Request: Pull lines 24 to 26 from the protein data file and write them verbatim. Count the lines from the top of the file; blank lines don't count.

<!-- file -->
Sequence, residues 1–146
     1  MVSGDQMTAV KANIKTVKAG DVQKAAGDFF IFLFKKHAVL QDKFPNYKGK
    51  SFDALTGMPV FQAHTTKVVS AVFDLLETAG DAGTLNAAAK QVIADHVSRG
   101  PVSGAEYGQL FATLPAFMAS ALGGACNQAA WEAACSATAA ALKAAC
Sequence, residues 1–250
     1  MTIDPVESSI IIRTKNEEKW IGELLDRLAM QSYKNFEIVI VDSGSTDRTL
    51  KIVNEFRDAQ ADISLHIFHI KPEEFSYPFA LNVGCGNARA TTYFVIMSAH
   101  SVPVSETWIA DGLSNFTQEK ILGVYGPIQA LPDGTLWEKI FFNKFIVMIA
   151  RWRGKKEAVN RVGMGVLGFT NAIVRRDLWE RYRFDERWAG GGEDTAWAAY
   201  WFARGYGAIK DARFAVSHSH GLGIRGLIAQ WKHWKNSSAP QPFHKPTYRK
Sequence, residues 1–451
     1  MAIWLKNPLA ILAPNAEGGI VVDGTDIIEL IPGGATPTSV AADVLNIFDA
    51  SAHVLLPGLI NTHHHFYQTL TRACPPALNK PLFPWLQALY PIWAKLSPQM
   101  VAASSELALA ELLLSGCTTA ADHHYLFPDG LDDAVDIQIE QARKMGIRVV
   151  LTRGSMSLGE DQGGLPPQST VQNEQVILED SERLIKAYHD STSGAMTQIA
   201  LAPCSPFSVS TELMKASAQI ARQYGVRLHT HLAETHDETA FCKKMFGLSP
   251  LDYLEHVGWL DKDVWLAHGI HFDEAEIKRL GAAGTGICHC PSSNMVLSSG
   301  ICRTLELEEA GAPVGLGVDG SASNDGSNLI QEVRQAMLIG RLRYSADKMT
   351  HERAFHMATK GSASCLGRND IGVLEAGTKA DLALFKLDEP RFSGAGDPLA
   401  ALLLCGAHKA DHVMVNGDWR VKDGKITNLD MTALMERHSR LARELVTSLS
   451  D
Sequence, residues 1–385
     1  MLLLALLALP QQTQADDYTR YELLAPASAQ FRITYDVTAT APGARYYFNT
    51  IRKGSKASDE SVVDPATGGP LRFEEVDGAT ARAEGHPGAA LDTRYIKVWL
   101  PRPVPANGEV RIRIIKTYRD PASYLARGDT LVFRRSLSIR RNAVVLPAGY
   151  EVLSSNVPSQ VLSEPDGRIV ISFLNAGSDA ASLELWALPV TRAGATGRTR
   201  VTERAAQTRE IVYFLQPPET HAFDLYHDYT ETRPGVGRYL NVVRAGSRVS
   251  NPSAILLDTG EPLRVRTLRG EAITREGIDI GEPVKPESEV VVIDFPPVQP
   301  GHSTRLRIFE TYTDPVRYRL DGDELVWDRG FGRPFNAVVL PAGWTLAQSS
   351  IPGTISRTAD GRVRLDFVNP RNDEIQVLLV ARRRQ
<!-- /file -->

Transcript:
    51  IRKGSKASDE SVVDPATGGP LRFEEVDGAT ARAEGHPGAA LDTRYIKVWL
   101  PRPVPANGEV RIRIIKTYRD PASYLARGDT LVFRRSLSIR RNAVVLPAGY
   151  EVLSSNVPSQ VLSEPDGRIV ISFLNAGSDA ASLELWALPV TRAGATGRTR